Mrs. Maria Van Bommel (Lambton-Kent-Middlesex): Thank you, Chair, and thank you for coming in. I hope that you catch your breath. You still sound a bit out of breath.

You mentioned the Industrial Pollution Action Team and the recommendations that they made. One of the things that we’ve heard since then are concerns that industries in the Sarnia area have expressed about having to comply and the comments that they’ve made about having to leave the area if they have to comply with certain restrictions. They’re talking about moving to other jurisdictions, including other provinces in Canada. With that comes the concerns about jobs. How would you address that kind of thing?

Dr. Bray: I get a lot of dialogue coming from Sarnia with regard to environmental contaminants and illness and disease. If they want to move elsewhere, then kudos to them.

I think we need to think of the health care costs, because if you look at the epidemiology right now and the illness that is hitting Sarnia — I don’t know if you know, but Sarnia is it’s a particularly sick community. We get patients who are very, very disabled coming from that area. There are studies showing that childhood illness and cancers are much higher geographically than the rest of Ontario. It’s a sick community, and I would say that, dollar for dollar, you’re going to save money in the end.

Jobs are important, but when you think of the future generations and the unborn etc., I really don’t think we should be making a comparison there. If you want to, I would say that I think we need to put the health of people first, and jobs will come second. Otherwise, people are going to have jobs and then they’ll have to go on disability or they’re going to lose loved ones. The cost of suffering is going to be huge. There have to be alternatives for them.

The Chair: Thank you very much. Mr. Miller.

Mr. Miller: Thank you for coming in today. You mentioned at the beginning of your talk, the report of the Industrial Pollution Action Team. In that report it said, “Despite its best intentions, the current system does not encourage pollution or spills prevention, or the regular updating of technology and operating systems.”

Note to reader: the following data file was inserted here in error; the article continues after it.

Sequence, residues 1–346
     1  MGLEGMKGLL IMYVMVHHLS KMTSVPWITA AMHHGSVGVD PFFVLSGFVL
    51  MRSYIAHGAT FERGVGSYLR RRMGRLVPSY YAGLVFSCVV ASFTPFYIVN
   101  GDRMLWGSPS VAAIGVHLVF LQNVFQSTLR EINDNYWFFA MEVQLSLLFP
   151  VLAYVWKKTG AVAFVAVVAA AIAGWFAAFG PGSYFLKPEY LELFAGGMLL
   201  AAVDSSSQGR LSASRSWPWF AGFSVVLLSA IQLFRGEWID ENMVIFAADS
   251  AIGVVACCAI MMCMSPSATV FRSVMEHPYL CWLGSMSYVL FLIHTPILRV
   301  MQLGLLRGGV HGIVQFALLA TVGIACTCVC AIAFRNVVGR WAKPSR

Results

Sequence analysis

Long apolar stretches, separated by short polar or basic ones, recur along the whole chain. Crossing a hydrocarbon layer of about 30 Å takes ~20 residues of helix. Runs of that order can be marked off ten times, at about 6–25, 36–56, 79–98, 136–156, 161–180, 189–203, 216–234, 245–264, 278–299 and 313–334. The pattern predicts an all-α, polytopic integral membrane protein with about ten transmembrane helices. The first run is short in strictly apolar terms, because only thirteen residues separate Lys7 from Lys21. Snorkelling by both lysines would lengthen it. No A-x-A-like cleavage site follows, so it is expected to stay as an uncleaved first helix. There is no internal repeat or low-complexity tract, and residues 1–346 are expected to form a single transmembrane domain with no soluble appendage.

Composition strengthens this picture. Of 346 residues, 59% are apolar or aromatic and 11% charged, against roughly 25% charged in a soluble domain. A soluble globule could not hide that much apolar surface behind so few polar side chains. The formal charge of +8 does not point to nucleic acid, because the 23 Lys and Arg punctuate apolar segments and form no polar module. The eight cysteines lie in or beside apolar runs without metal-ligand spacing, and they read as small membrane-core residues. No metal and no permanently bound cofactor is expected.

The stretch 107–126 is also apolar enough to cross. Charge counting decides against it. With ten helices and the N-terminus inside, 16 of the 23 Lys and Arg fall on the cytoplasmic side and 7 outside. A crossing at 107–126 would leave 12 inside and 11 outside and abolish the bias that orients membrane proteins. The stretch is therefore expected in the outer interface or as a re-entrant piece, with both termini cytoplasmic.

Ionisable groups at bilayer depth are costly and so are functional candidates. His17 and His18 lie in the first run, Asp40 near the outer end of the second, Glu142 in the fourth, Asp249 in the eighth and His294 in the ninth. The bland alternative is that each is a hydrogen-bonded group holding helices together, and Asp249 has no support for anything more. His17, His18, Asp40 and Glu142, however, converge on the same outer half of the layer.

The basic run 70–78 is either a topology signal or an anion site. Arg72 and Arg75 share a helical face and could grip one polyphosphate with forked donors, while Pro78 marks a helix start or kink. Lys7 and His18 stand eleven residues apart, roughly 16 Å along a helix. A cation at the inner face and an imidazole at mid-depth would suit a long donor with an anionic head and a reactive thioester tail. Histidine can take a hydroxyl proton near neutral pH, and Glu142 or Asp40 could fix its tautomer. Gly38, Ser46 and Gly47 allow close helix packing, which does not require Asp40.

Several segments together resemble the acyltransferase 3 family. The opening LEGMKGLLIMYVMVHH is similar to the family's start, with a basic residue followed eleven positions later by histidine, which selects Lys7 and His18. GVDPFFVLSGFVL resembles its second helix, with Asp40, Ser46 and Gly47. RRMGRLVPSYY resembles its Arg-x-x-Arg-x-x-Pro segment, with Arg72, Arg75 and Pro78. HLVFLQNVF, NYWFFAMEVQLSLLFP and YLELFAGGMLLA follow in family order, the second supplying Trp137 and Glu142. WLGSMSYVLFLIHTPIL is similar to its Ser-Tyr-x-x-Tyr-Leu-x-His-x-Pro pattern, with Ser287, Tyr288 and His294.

I think that you also went on to say that you believe in preventive medicine, if I heard you correctly.

We\’ve also heard from industry here today that they would like to see more science-based and risk-based provisions in this bill.

Do you think we should be doing more to encourage spills prevention and pollution prevention plans?

Dr. Bray: Yes, I do. I think you can do more studies, I think more studies are always warranted, but you have to be careful and consider the precautionary principle. It doesn’t require too much thought when you have a mass balance and you look at what’s going into the environment. It has to go somewhere, and you just sort of follow it through.

I think that scientific investigation shouldn’t be an excuse to continue doing what they’re doing. It shouldn’t be something that prevents them from making the correction sooner than later. I think of the precautionary principle again here.

The Chair: Thank you very much for coming in. I’m sorry that you had a wicked commute, but you did have the last word today.

Dr. Bray: Thank you, and I hope I’ve been helpful.

The Chair: This committee stands in recess until clause-by-clause consideration of Bill 133 today at 4 p.m. in this room.

Wow! I wonder what is making people sick in Sarnia? I use Google Earth to get an overview of the city and there is one section of the town that looks like an oil refinery. Yup, Imperial Oil. And it’s so big it’s almost half the size of Sarnia itself!

Fuels Manufacturing

When the Sarnia refinery was commissioned in 1897, it was the largest refinery in Canada, with a capacity of 900 barrels of crude oil processing a day. Today, the refinery is one of the most complex in Canada. Since the mid-1980s, significant improvements at a number of process units have increased the refinery’s ability to process a wide range of crude oil into quality petroleum products.

Imperial’s Sarnia operation is the most integrated fuels, lubricating oil and chemicals manufacturing and petroleum research facility in Canada.

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June 16, 2006 - Posted by | Health | , , , , ,